On the attached scopeshot, I have extended the rising edges of the blue squarewave with pink lines and I have drawn the lower red horizontal line through the points where these pink lines intersect the yellow sinewave. I have done a similar thing with the falling edges of the blue squarewave and drawn the upper red line.

Note, that the lower red line is skirting the bottoms of the yellow sinewave*.  That's how close you are to the switching threshold!
So, consider lowering the supply voltage even further (you can go as low as 2V) or consider using the more sensitive chip, such as the 74AC04 or 74VHC04, which require only 1.2VP-P input, to switch reliably at 3V supply.


* Note that the upper red line is NOT skirting the tops of the yellow sinewave, thus you do not have a problem there.  This is because in the 74AC14 chip, the upper switching threshold is a little closer to ½VCC than the lower switching threshold.

   

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Switched the FG to 50 Ohm (was at highZ).

Lowered the 74AC14 to 2V supply voltage.

FG signal still 10Mhz @ 3Vpp sine wave.


Was thinking on using the (unused here) rear USB plug for its 5v to use as supply voltage for the 74AC14 (pulling 10mA now)
   

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Lowered the 74AC14 to 2V supply voltage.
FG signal still 10Mhz @ 3Vpp sine wave.
Yes, the edges of the blue squarewave intersect the yellow sinewave pretty far away from the sinewave's tops - so the input threshold switching is stable now.

We still do not know, whether the impedance of the ExtRef input on the back of your FG, is really 1KΩ.  Some adjustment might be needed to find an optimal resistance at the output of the converter (R3), that will yield the least sq.wave distortion at the FG's input.

Was thinking on using the (unused here) rear USB plug for its 5v to use as supply voltage for the 74AC14 (pulling 10mA now)
Good idea.  Add an LM317 adjustable regulator (or similar) with a pot for adjusting between +5V an +2V, put it in a shielded BNC box and be done with it.
I suggest an IC socket for the 74AC14 chip since it has the same pinout as the 74AC04 or 74VHC04 ...in case you want to upgrade later.

P.S.
Below is my sin2sq converter based on 74VHC04 and LDK320A in a small SOT23 package. I kept it in the dead-bug stage because air is a better dielectric than PCB...and I was lazy  ;)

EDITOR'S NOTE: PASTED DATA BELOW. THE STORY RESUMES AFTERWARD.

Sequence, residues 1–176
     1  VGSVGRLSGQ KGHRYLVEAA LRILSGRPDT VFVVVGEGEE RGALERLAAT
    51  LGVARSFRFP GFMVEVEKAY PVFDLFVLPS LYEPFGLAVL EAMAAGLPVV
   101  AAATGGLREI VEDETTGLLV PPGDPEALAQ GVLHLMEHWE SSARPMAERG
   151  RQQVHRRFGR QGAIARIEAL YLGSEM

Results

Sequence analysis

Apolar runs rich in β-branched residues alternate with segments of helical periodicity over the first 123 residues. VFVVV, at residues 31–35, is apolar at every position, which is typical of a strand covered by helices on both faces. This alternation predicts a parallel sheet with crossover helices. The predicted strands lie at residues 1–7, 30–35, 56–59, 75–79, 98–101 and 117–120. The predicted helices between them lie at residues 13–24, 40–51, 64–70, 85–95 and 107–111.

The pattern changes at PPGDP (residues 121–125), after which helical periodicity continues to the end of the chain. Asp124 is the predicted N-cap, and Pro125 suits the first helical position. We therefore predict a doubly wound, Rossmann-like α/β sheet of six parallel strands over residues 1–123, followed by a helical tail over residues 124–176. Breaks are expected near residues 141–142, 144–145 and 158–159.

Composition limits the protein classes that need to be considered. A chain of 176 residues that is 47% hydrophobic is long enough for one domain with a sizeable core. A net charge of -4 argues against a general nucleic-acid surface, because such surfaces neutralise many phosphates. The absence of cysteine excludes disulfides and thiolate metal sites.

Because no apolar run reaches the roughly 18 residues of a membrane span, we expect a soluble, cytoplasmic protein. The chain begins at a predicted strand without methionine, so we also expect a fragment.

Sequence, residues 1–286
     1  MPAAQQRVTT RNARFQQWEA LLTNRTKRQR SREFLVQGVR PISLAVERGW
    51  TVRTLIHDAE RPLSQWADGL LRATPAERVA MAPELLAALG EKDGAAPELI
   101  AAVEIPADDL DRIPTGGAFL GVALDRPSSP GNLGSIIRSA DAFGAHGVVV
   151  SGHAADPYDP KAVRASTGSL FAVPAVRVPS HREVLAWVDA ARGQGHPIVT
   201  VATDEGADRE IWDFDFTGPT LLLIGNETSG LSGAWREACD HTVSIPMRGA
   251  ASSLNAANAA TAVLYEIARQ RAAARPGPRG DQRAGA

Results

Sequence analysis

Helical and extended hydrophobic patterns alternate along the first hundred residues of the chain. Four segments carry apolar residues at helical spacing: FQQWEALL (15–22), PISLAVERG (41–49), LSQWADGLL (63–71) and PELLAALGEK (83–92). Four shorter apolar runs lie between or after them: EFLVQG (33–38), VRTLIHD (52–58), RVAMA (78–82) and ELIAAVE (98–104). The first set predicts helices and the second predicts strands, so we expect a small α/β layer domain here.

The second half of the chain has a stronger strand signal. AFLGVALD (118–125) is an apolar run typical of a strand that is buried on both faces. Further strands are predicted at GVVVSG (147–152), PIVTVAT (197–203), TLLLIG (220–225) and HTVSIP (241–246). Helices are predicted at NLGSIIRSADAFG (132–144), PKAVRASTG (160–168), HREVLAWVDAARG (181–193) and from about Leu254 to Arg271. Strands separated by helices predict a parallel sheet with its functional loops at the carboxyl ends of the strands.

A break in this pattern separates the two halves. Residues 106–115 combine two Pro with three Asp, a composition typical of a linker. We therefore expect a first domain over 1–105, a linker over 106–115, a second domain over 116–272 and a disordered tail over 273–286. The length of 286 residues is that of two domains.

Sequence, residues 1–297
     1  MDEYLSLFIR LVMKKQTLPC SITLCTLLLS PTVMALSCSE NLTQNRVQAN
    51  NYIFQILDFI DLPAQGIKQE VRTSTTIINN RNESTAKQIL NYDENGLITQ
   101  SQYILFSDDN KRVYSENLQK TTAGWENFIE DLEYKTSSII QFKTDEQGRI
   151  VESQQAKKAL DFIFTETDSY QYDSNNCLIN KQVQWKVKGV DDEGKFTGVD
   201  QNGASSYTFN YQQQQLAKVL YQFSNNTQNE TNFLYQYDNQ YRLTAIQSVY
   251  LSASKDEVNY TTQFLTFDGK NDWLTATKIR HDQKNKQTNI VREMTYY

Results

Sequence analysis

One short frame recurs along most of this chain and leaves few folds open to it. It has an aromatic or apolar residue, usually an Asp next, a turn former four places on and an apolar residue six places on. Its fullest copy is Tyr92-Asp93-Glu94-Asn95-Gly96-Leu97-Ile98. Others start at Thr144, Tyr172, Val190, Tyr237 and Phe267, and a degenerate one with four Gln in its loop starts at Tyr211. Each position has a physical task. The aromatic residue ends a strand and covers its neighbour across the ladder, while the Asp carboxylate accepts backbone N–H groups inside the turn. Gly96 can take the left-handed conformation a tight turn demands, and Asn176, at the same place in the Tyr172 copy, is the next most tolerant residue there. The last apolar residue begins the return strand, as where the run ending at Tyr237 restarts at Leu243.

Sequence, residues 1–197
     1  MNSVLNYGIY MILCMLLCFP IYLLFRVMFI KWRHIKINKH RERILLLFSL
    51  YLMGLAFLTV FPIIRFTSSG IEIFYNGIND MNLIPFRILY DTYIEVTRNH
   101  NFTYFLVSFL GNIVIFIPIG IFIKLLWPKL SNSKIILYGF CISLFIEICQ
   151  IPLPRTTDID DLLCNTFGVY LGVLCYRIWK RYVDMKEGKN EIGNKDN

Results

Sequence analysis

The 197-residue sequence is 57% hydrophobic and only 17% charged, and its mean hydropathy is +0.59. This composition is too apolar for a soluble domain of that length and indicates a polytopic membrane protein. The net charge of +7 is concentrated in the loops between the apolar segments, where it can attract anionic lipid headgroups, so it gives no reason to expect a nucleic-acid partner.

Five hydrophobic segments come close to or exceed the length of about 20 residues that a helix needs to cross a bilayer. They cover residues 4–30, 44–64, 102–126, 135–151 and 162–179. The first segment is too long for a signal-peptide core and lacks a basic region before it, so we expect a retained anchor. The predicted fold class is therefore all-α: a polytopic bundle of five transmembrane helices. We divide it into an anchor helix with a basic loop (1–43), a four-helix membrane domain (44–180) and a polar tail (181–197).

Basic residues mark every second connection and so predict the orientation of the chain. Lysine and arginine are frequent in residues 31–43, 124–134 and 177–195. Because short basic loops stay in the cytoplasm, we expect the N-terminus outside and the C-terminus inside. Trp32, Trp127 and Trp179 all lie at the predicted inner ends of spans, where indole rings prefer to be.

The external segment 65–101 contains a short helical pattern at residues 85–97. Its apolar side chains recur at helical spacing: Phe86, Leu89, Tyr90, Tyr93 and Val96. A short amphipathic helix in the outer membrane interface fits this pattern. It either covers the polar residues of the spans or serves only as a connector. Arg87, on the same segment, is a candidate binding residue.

I had to put chokes on my supply line (inside the box) because it was picking up EMI and radiating out the square MHz harmonics, at the same time.
« Last Edit: 2019-03-17, 10:15:39 by verpies »
   

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Great, 

i have a dead bug setup now so i will build it up on a proto pcb using a socket
and a LM317 set to 2V from the rear USB plug.

The 1K impedance will probably be very close as thats their specs, so i don't expect much
problems there (now using a 1K load reistor on the output) but will scope the signal when
its ready to be connected.

Sot23 he,  well your eyes are better then your camera then  ;D

Itsu
« Last Edit: 2019-03-18, 09:12:22 by Itsu »
   

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I don't have a camera - I have a plastic thing on my cell phone that pretends to be one.
How is your FG synchronizing with the SA now?
   

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Well, i have not completed my sin2sq converter yet, but presently the FG is running ok with 50 Ohm coax and with the SA sine wave as ext ref input.

I did found out that the FG rear USB B plug has no 5V available, not in PC nor Printer mode.
Same with other (printer) USB B plugs, so i have to find another Vcc source.

There is 3.3V on the green (data) wire, but i guess i cannot use it for pulling 25mA or so.


I have an old Nokia cell phone charger which put out 3.7V dc which i will use probably.

Also building my nano pulser power supply (18V, 12V, 5V, 3V and 200V).

Itsu
« Last Edit: 2019-03-18, 20:55:21 by Itsu »
   

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Finished my sine2sq converter, running on 2V (via LM317) from a 5.6V wall transformer, see picture.

Measuring the output directly from the out bnc shows a nice square wave, but when attaching a piece of coax
or attaching it to the FG in/out port shows some distortion.


I suspect the used inbetween coax cables are not up to the 10Mhz task or were damaged in earlier nano pulse
(1.8kV) experiments, so have ordered some good UHF 50 Ohm coax.

I have the 74ac14 output pin (pin2) directly attached to the out bnc plug, so without any resistance (50 Ohm/1K).